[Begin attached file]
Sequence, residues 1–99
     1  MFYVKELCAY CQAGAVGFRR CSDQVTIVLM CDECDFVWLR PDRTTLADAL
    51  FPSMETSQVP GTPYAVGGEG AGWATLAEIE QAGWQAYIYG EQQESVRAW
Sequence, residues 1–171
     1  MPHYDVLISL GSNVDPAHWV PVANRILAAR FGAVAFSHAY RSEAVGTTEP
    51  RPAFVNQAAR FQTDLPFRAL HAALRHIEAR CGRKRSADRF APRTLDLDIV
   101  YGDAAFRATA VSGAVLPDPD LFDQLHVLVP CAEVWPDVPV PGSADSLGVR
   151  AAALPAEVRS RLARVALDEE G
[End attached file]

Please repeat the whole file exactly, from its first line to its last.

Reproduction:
Sequence, residues 1–99
     1  MFYVKELCAY CQAGAVGFRR CSDQVTIVLM CDECDFVWLR PDRTTLADAL
    51  FPSMETSQVP GTPYAVGGEG AGWATLAEIE QAGWQAYIYG EQQESVRAW
Sequence, residues 1–171
     1  MPHYDVLISL GSNVDPAHWV PVANRILAAR FGAVAFSHAY RSEAVGTTEP
    51  RPAFVNQAAR FQTDLPFRAL HAALRHIEAR CGRKRSADRF APRTLDLDIV
   101  YGDAAFRATA VSGAVLPDPD LFDQLHVLVP CAEVWPDVPV PGSADSLGVR
   151  AAALPAEVRS RLARVALDEE G